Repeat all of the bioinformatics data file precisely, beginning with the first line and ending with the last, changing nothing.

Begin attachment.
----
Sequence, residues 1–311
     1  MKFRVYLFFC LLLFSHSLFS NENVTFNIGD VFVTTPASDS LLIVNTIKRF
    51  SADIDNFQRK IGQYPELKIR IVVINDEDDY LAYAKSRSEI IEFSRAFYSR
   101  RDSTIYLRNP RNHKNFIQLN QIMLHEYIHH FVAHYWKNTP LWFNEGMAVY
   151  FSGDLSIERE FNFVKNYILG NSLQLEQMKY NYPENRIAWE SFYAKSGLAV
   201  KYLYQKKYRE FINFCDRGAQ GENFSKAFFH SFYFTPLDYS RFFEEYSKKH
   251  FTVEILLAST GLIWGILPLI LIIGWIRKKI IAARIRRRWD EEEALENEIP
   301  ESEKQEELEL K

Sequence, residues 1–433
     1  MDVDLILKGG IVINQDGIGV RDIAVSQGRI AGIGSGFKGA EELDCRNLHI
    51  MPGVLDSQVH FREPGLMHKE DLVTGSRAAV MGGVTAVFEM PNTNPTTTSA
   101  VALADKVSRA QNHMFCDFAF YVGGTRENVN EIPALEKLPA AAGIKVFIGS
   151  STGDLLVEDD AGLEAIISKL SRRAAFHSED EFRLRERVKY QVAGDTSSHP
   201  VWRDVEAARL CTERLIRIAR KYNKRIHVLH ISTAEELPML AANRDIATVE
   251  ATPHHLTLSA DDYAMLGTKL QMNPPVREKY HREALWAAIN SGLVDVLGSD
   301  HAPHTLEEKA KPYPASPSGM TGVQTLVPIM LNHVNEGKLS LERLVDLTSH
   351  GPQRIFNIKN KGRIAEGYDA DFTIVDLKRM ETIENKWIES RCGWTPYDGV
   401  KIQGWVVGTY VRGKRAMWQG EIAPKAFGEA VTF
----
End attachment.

Sequence, residues 1–311
     1  MKFRVYLFFC LLLFSHSLFS NENVTFNIGD VFVTTPASDS LLIVNTIKRF
    51  SADIDNFQRK IGQYPELKIR IVVINDEDDY LAYAKSRSEI IEFSRAFYSR
   101  RDSTIYLRNP RNHKNFIQLN QIMLHEYIHH FVAHYWKNTP LWFNEGMAVY
   151  FSGDLSIERE FNFVKNYILG NSLQLEQMKY NYPENRIAWE SFYAKSGLAV
   201  KYLYQKKYRE FINFCDRGAQ GENFSKAFFH SFYFTPLDYS RFFEEYSKKH
   251  FTVEILLAST GLIWGILPLI LIIGWIRKKI IAARIRRRWD EEEALENEIP
   301  ESEKQEELEL K

Sequence, residues 1–433
     1  MDVDLILKGG IVINQDGIGV RDIAVSQGRI AGIGSGFKGA EELDCRNLHI
    51  MPGVLDSQVH FREPGLMHKE DLVTGSRAAV MGGVTAVFEM PNTNPTTTSA
   101  VALADKVSRA QNHMFCDFAF YVGGTRENVN EIPALEKLPA AAGIKVFIGS
   151  STGDLLVEDD AGLEAIISKL SRRAAFHSED EFRLRERVKY QVAGDTSSHP
   201  VWRDVEAARL CTERLIRIAR KYNKRIHVLH ISTAEELPML AANRDIATVE
   251  ATPHHLTLSA DDYAMLGTKL QMNPPVREKY HREALWAAIN SGLVDVLGSD
   301  HAPHTLEEKA KPYPASPSGM TGVQTLVPIM LNHVNEGKLS LERLVDLTSH
   351  GPQRIFNIKN KGRIAEGYDA DFTIVDLKRM ETIENKWIES RCGWTPYDGV
   401  KIQGWVVGTY VRGKRAMWQG EIAPKAFGEA VTF